Send to

Choose Destination
BMC Genomics. 2014 Aug 28;15:732. doi: 10.1186/1471-2164-15-732.

Inferring copy number and genotype in tumour exome data.

Author information

Optimisation and Pattern Recognition group, Mechanical Engineering Department, Melbourne School of Engineering, The University of Melbourne, Parkville, Victoria 3010, Australia.



Using whole exome sequencing to predict aberrations in tumours is a cost effective alternative to whole genome sequencing, however is predominantly used for variant detection and infrequently utilised for detection of somatic copy number variation.


We propose a new method to infer copy number and genotypes using whole exome data from paired tumour/normal samples. Our algorithm uses two Hidden Markov Models to predict copy number and genotypes and computationally resolves polyploidy/aneuploidy, normal cell contamination and signal baseline shift. Our method makes explicit detection on chromosome arm level events, which are commonly found in tumour samples. The methods are combined into a package named ADTEx (Aberration Detection in Tumour Exome). We applied our algorithm to a cohort of 17 in-house generated and 18 TCGA paired ovarian cancer/normal exomes and evaluated the performance by comparing against the copy number variations and genotypes predicted using Affymetrix SNP 6.0 data of the same samples. Further, we carried out a comparison study to show that ADTEx outperformed its competitors in terms of precision and F-measure.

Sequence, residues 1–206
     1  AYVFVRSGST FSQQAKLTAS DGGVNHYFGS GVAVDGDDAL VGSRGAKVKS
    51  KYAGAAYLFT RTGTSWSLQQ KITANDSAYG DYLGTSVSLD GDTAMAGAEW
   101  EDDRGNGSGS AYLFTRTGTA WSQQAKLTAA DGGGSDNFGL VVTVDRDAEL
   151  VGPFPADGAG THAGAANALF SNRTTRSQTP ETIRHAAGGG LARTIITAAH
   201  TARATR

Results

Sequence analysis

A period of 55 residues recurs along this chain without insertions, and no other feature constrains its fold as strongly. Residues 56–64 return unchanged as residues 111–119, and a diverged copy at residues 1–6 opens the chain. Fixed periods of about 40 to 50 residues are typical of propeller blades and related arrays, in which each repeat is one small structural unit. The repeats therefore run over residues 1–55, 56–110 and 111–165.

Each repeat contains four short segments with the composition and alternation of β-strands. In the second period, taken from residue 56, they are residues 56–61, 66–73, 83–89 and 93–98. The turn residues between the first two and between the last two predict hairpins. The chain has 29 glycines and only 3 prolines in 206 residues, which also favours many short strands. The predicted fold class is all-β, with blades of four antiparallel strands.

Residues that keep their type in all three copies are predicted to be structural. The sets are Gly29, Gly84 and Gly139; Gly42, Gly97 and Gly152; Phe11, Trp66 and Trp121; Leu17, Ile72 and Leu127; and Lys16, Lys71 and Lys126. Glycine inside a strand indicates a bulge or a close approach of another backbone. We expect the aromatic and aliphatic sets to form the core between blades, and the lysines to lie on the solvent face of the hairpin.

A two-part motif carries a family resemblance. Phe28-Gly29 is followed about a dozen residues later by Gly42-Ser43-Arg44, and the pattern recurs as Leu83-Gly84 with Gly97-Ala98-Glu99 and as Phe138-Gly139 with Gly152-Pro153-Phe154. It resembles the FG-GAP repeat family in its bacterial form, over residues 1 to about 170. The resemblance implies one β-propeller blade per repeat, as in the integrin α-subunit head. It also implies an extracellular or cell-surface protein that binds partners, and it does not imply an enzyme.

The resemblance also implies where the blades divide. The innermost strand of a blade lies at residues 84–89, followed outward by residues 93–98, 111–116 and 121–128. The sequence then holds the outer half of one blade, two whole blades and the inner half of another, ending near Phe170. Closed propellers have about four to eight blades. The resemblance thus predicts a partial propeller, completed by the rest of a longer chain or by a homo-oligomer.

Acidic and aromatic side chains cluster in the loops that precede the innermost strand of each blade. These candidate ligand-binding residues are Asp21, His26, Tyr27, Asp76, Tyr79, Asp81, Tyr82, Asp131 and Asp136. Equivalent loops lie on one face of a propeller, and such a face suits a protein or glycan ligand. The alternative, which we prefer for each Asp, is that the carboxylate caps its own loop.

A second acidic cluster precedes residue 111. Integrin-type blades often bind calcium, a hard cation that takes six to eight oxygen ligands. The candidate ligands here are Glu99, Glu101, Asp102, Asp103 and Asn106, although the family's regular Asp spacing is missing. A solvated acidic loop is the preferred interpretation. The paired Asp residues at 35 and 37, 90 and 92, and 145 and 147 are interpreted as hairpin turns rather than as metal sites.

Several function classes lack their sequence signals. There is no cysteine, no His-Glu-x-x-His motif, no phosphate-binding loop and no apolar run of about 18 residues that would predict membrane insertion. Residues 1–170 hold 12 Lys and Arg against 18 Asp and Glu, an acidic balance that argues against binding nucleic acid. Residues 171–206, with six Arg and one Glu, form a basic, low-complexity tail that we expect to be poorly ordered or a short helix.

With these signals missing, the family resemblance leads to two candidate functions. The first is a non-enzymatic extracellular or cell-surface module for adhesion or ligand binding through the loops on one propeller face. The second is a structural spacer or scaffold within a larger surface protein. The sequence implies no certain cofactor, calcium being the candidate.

Our proposed method, ADTEx, uses both depth of coverage ratios and B allele frequencies calculated from whole exome sequencing data, to predict copy number variations along with their genotypes. ADTEx is implemented as a user friendly software package using Python and R statistical language. Source code and sample data are freely available under GNU license (GPLv3) at

[Indexed for MEDLINE]
Free PMC Article

Supplemental Content

Full text links

Icon for BioMed Central Icon for PubMed Central
Loading ...
Support Center